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Continuing care retirement communities

by James Bendell
| December 26, 2010 8:00 PM

In recent years, persons approaching retirement age have had more lifestyle options than ever before. One of those options is the Continuing Care Retirement Community (CCRC). These facilities provide a "continuum of care." This means, for example, that a person can start in the CCRD independent living facility, then move on to its assisted living facility and perhaps spend their final years in the skilled nursing facility. What's not to like?

Well, a characteristic of the CCRC is the payment of a high admission fee, sometimes referred to as a "deposit." On the one hand, the high admission fee can be an advantage for those seniors who fear that they may require lengthy and expensive health and residential care in the future. To some extent, the CCRC "locks in" fixed initial rates for care at an affordable level. However, some critics claim that, once the admission fee is paid, there is little incentive for the CCRC to maintain high-quality assisted living and nursing services. Moreover, because the financial stability of the community is based on actuarial expectations, a greater-than-average number of residents needing nursing home care could endanger the assets of all the residents. In some CCRCs, the initial fee for admission is completely unrefundable. For others, the fee is unrefundable over time. That is, the admission contract may provide that the maximum available refund will be reduced by a fixed percentage each month.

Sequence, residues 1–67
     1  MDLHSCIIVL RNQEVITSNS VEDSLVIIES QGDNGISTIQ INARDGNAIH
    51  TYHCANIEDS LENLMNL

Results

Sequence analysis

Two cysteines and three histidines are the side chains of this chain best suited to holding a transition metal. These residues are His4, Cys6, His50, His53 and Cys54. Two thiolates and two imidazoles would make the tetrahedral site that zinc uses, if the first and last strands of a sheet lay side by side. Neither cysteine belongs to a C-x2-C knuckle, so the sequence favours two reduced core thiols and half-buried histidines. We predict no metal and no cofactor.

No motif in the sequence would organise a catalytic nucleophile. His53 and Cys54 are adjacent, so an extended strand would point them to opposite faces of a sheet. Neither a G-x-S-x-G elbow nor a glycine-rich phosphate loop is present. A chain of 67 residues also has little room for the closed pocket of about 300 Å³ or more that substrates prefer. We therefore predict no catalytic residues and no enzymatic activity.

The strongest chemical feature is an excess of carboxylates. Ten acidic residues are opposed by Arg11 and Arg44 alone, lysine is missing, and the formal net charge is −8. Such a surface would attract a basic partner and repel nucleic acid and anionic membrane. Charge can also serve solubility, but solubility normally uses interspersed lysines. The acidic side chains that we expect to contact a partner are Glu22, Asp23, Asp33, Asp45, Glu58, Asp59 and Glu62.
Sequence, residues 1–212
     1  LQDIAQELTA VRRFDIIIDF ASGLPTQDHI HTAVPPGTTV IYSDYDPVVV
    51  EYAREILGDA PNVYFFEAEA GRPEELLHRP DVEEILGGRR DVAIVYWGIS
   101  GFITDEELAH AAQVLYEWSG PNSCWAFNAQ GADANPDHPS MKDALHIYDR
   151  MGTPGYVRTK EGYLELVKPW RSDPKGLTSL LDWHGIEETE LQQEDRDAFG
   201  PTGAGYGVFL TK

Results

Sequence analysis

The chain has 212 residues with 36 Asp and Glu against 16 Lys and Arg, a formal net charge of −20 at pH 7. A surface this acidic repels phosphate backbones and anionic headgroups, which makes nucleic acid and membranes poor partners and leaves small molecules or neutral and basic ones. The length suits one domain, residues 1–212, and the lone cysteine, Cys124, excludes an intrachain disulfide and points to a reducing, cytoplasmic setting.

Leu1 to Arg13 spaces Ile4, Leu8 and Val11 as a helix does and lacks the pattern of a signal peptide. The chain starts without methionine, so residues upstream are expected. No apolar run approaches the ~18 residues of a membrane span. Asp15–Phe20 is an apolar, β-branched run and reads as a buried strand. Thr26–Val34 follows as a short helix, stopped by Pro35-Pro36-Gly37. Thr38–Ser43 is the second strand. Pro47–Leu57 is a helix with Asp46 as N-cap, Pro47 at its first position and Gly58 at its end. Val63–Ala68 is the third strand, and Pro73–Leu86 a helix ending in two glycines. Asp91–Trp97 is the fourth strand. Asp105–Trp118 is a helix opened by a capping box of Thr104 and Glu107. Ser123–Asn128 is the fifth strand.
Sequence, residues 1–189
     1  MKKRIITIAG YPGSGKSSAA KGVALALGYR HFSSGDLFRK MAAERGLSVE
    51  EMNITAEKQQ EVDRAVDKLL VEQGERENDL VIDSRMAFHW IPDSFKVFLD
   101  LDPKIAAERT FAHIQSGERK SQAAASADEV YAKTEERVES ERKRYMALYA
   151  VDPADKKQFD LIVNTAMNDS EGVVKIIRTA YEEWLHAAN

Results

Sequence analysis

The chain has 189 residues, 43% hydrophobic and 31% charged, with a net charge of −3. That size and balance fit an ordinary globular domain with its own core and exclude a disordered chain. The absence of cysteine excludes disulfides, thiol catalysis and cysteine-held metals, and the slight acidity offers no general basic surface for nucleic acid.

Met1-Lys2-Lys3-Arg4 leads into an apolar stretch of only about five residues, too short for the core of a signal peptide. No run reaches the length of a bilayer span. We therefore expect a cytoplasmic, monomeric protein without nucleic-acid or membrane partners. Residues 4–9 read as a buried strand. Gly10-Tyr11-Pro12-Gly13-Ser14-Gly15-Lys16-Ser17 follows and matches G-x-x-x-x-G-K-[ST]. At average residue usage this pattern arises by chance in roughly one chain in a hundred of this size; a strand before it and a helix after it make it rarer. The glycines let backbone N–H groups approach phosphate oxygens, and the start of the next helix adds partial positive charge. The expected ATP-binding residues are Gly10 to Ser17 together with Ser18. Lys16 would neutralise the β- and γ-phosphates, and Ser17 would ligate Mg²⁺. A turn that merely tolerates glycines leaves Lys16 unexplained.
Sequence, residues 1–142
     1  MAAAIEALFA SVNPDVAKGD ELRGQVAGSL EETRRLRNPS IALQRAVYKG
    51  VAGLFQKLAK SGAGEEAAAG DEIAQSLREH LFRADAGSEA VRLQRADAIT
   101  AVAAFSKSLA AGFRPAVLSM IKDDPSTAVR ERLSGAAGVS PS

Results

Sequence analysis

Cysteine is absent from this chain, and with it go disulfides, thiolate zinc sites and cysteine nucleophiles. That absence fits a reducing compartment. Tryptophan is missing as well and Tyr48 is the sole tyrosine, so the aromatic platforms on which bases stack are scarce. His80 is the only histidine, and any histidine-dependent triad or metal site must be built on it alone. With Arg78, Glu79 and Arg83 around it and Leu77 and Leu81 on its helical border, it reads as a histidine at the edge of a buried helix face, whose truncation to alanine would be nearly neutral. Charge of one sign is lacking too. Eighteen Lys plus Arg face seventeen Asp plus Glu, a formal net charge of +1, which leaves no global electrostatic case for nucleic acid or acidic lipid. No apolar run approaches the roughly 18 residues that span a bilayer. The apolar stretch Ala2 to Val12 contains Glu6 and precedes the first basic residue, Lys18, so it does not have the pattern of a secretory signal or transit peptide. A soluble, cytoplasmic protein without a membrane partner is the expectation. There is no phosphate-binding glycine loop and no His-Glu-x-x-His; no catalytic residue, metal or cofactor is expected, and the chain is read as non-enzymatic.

In addition to the entry fee, the CCRC will most likely charge a monthly fee. This fee may include health care coverage or it may vary, depending on the level of care required by the resident. At least a portion of the monthly fee may be tax deductible.

Keep in mind that the CCRC entrance fee will be considered a "countable resource" for purposes of qualifying for Medicaid if the resident has the right to use the fee for care costs, the resident is entitled to a refund upon death or departure, and the fee did not purchase an ownership interest in the CCRC.

If considering a CCRC contract, the following are some of the factors to examine carefully:

1. Current and future fees, and how they are calculated.

2. Which facilities are included, and under what circumstances may the resident choose to change locations.

3. Which health and nursing services are included

4. Does the contract provide that the resident will be cared for even if his or her financial resources are exhausted?

5. Is there a provision for a self-governing council or advisory group made up of residents?

6. Is the CCRC financially stable? Has it made provisions for potential future increased expenses?

7. Check whether the facility has been credited by the Continuing Care Accreditation Commission (CCAC).

James Bendell practices law at the Grupp Law Firm in Coeur d'Alene, and is a member of the National Academy of Elder Law Attorneys.

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